While Facebook has turned into a regular part of many people’s lives, Twitter has succeeded in fermenting a social media revolution. Given their all-pervasive presence, it’s strange to think that the major social networking sites have only been in existence for a little over five years (seven, in the case of Facebook).

In that time, social media sites have become a truly global phenomenon and, aside from their obvious social aspects, businesses are increasingly tapping into their potential as marketing, PR and customer feedback tools.

But before dipping your toes into the sea of benefits that social media marketing offers, there are a few things that will keep you afloat.

Getting the most out of the social media

You might not have the slightest interest in growing virtual crops on FarmVille or in what a vague acquaintance had for breakfast this morning. Social media sites can sometimes be time vortices for unmotivated or unpoliced employees but they can also be massively beneficial to businesses both large and small.

In a survey conducted by market research company Ad-ology, the owners of 1,100 small businesses said the ability to keep up with developments within their field, to generate leads and to monitor the online conversation about their businesses were the greatest benefits of social media marketing.

Its effectiveness may be difficult to measure in terms of direct sales earned but it is invaluable in raising and monitoring brand reputation, garnering feedback and other aspects of PR.

Being wary of certain risks

There are, however, certain risks involved in taking your business to the social media, especially where unfamiliar languages and cultures are involved.

A study by CNET found that employees could easily bypass the security guidelines and safeguards set up by the company’s IT and law departments. This could lead to increased vulnerability to malware, lack of productivity and loss of reputation caused by unauthorised discussion of the business’s workings and services.

Any business-related forays into the social media world should therefore be carefully monitored at all times.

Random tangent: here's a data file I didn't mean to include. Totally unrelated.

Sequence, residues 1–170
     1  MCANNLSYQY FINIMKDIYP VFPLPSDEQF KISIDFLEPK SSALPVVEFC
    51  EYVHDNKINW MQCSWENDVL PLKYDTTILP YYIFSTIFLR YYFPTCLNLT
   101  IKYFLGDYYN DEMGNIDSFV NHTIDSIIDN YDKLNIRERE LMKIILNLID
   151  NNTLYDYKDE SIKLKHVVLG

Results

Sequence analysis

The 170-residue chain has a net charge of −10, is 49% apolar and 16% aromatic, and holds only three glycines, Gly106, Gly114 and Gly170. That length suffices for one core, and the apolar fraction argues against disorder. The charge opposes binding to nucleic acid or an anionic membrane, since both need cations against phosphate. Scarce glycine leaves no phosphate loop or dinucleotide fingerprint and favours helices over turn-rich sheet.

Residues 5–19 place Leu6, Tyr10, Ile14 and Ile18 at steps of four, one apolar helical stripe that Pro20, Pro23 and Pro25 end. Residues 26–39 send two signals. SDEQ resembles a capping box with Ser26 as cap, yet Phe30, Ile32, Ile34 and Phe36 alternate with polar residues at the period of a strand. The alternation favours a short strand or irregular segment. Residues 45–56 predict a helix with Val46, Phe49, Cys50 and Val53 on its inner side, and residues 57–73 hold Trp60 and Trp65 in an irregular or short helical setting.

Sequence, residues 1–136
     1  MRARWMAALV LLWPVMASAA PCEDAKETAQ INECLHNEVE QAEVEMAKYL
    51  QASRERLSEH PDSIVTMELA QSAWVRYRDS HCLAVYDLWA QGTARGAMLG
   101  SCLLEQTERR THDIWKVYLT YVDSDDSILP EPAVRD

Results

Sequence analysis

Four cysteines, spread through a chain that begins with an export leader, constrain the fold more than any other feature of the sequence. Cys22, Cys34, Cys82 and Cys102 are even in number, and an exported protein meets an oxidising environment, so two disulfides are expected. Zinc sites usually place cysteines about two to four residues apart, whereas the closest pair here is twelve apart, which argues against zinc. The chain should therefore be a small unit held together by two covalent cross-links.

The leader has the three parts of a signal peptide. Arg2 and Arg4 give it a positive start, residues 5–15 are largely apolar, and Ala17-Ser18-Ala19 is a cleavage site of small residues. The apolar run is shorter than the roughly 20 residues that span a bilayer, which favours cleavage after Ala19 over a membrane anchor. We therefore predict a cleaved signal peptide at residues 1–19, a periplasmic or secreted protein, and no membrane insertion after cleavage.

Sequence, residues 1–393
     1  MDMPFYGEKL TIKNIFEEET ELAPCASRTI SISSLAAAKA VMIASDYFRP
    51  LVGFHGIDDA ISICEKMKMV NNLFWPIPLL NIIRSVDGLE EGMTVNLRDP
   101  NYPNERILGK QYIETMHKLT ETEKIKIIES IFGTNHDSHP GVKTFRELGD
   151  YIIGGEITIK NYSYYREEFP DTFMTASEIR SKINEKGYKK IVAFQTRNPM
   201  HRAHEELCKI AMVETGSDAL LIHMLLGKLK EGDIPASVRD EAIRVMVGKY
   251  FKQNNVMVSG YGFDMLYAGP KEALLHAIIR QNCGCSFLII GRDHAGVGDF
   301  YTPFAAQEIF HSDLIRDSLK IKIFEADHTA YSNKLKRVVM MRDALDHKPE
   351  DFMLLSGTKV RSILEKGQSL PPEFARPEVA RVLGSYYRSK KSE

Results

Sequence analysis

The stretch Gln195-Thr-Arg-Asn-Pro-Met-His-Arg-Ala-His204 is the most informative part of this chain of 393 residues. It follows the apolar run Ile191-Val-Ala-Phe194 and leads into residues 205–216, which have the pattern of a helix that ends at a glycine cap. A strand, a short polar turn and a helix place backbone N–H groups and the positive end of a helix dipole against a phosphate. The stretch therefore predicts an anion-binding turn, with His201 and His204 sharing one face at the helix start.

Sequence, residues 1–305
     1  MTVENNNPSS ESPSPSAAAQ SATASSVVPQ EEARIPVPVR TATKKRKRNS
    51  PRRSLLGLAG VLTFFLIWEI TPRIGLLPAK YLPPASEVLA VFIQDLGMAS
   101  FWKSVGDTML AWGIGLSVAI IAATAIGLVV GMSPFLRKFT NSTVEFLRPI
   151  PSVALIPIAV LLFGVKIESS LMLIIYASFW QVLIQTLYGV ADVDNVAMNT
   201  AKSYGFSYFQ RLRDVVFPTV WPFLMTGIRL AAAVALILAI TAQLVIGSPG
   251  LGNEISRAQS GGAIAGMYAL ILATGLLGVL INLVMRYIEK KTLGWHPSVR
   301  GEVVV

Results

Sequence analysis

Finding the best platforms to use

All the major social media platforms – Facebook, Twitter, LinkedIn – have their tendrils in markets around the globe. In many regions, however, local competitors have a greater market share. They might not always mean much outside their own spheres of influence, but within them they’re huge.

Cyworld, for example, is massive in its native South Korea but, aside from footholds in China and Vietnam, has failed to really establish itself elsewhere. In China, the social media website Qzone and its related instant messaging service QQ are vast, with parent company Tencent claiming there were a staggering 636.6 million active QQ accounts as of September 2010.

In Japan Mixi has a market share of around 80% (around 30 million users) but Yahoo! JAPAN is also popular there.

Latin America has a rapidly emerging social media environment with massive year-on-year growth. Orkut is the biggest platform in the market, with eight out of ten online visitors in Brazil.

Researching different social media habits

Various user trends have been noted in different markets. In Asia, social networking is highly mobile, with many users accessing social networks through hand-held devices. Australia has one of the highest levels of social media engagement in the world, with users spending an average of 6 hours and 52 minutes a month, while Brazilians are far more likely to use social networks and blogs than the average global Internet user.

You certainly shouldn’t neglect familiar sites such as Facebook and Twitter when reaching out to different cultures. All the Western big hitters have different settings and localised content for various markets but a little research will reveal the sites and user trends that are most pertinent to you.

Getting your message across

Machine translation can offer a cheap option when communicating across different cultures and languages but they are prone to contextual errors. If at all possible, the assistance of a native speaking translator is imperative. This will help avoid technical translation errors but will also allow you to adapt your message rather than offer a straight, word-for-word translation. Social media marketing is all about effective communication and having a native speaker onboard will really help you to speak the language of your customers.